Meisner Taught Great Actors Their Craft


In a 1990 televised tribute on “American Playhouse,” Sanford Meisner expressed a simple and concise definition of acting.

“Acting is doing,” he told a student. “Meaningful acting is doing under emotional circumstances.”

An original member of the renowned Group Theatre collective in New York during the 1930s, Meisner was for more than 50 years considered by theater and film experts one of the country’s top acting teachers, part of a circle that included Lee Strasberg, Stella Adler and Elia Kazan.


Born in 1905 in Brooklyn to Jewish Hungarian immigrants, Meisner was the eldest of four children. In a childhood marred by anti-Semitism and the death of a younger brother, Meisner retreated into a fantasy world of books, daydreams and piano performances. A Juilliard School dropout, Meisner turned to the Broadway stage, getting his first role in 1924.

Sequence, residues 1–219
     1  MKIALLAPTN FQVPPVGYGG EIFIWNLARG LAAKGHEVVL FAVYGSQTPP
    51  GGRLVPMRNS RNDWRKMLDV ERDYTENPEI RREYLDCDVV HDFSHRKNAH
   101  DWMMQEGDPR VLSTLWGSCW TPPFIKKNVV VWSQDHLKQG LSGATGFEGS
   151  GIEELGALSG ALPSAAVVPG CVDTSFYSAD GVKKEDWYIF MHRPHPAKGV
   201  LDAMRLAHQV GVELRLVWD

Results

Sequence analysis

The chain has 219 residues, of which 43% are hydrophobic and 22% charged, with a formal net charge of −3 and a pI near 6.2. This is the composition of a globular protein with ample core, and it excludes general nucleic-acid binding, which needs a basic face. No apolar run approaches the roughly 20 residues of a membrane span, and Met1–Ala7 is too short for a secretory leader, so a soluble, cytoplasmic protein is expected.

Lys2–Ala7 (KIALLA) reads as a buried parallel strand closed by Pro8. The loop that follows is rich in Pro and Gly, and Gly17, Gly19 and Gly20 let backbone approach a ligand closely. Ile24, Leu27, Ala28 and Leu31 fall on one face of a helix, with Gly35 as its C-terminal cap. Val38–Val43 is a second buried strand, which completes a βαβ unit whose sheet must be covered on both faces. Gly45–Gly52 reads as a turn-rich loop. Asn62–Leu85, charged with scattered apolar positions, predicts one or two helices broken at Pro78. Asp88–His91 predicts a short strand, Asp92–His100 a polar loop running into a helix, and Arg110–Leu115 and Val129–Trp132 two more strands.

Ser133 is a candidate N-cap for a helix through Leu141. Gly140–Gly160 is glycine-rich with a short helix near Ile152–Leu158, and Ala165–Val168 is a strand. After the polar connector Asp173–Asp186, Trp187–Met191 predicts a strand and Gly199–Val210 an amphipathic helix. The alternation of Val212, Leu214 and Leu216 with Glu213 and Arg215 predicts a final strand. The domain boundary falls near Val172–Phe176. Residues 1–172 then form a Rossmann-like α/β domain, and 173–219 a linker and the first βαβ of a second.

During Meisner’s Group Theatre stint, he studied acting techniques based on a revolutionary system created by Konstantin Stanislavsky for the Moscow Art Theatre.

After a 20-year teaching career at Manhattan’s Neighborhood Playhouse, Meisner moved to Hollywood in 1958 to train young actors for 20th Century Fox. However, after disputes with studio executives over his methods, Meisner returned to New York and the Neighborhood Playhouse in 1961.

Despite serious health problems in later life, Meisner trained generations of actors, playwrights and directors whose ranks include Dustin Hoffman, Suzanne Pleshette, John Frankenheimer, Gregory Peck and Joanne Woodward, among others.

Meisner eventually returned to the region in 1987, creating the Meisner Carville School of Acting in Studio City as well as North Hollywood’s Sanford Meisner Center for the Arts in 1995.

Respected and admired by film and theater actors alike, Meisner continued to train young thespians up to his death at age 91 in February in Sherman Oaks.